Version 18 (modified by dutka, 11 years ago) (diff)


How to install OpenTURNS

This guide can be very usefull to install OpenTURNS on GNU/Linux. If you want a development version, please follow instructions which describe How-To install a development version.


If you want to use OpenTURNS, it's highly recommended to pick up the lastest stable release.

Download the lastest OpenTURNS' release archive from in the download section.


To compile your OpenTURNS platform, you need some additional libraries, headers (development files) and tools. Of course, you can use your favorite package-manager to download and install these requirements.

  • gcc (>= 3.3.6 except 4.0.x series, tested with 4.1.2)
  • g77 (>= 3.3.6 except 4.0.x series, tested with 3.4.6)
  • python (2.4.x)
  • R (2.4.x)
  • XercesC (>= 2.6.0, tested with 2.7.0)
  • boost (>= 1.33.1)
  • lapack (>= 3.1.0)
  • Qt (3.3.x)

Specific instructions

If you have one of theses distributions, you can follow the associated specific HowTo:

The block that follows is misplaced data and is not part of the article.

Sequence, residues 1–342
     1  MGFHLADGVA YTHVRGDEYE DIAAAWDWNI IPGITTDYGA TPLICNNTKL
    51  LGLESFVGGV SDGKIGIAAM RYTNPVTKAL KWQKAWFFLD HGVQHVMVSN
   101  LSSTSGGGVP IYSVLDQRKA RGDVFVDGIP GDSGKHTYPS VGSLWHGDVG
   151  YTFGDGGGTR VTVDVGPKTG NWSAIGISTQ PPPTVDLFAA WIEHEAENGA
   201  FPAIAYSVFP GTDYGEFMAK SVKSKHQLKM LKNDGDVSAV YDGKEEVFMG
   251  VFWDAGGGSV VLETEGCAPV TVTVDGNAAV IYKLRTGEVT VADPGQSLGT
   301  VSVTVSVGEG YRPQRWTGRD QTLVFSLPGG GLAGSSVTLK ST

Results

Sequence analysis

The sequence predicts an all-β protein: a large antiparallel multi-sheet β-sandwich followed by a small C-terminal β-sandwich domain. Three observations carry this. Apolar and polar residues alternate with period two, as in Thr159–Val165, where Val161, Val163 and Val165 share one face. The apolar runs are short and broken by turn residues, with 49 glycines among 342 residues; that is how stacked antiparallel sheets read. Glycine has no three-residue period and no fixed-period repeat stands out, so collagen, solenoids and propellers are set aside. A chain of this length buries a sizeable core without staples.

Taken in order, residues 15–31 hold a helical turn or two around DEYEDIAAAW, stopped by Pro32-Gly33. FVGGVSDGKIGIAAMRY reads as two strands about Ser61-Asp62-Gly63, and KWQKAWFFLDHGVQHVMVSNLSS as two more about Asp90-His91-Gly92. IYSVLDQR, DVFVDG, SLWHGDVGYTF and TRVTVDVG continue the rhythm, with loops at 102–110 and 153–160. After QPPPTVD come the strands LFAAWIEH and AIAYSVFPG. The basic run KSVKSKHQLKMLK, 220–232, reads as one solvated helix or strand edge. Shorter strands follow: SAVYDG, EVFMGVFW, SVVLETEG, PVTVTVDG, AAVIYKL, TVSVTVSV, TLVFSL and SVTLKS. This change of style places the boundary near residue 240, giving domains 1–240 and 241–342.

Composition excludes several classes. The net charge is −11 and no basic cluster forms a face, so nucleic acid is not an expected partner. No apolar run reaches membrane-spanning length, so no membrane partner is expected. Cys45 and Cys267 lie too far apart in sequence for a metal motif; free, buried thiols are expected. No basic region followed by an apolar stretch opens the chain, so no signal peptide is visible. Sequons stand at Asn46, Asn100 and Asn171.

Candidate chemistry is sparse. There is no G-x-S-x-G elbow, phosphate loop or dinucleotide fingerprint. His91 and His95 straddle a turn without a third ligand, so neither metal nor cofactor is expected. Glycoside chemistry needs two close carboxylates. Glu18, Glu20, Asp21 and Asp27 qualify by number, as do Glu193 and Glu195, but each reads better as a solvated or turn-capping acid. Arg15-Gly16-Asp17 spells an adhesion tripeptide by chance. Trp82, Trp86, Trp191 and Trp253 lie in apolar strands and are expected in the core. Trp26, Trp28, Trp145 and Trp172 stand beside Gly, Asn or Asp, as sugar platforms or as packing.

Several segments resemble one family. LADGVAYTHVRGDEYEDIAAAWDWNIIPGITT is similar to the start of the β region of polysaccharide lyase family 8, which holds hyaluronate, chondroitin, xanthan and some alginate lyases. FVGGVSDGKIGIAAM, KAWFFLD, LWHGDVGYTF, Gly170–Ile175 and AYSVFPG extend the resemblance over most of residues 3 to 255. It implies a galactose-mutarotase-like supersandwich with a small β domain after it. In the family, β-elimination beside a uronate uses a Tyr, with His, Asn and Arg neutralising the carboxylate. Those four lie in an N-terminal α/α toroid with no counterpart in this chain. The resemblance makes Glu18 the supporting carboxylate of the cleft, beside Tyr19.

Generic instructions

As you can see with dependencies, OpenTURNS project use autotools and gcc suite to configure and build the sources.


In this example we use version 0.9.2, if you use another version, just substitute version numbers.

Extract files from downloaded archive :

tar xvzf openturns-0.9.2.tar.gz

if you use gzip compressor, or

tar xjvf openturns-0.9.2.tar.bz2

if you use bzip2 compressor.

Go in sources directory,

cd openturns-0.9.2

To allow OpenTURNS to communicate with R, you need to install the provided R package named rotRPackage:

R CMD INSTALL rotRPackage_1.4.3.tar.gz

To configure building for all OpenTURNS parts - library, TUI, and GUI -, you can simply do:


but all will be installed in system directories (/usr, /etc) belonging to root. So if you want to install the platform in your own path, run:

./configure --prefix=/your/path

If you want to disable some parts (TUI, GUI, or both), take a look to

./configure --help

Quick build & install

make install

Build & install with checks

We encourage you to run the checks before and after installing. Doing so will prevent you from installing a platform that doesn't run correctly (there may be bugs), but if all run successfully, you will have a great confidence in what you've installed.
It is true that running the check will take some time. On a hyperthreaded dual-2.4 GHz host, it will take about 25 minutes for the whole process = configuration + compilation + check tests + installation + installcheck tests.

make check
make install
make installcheck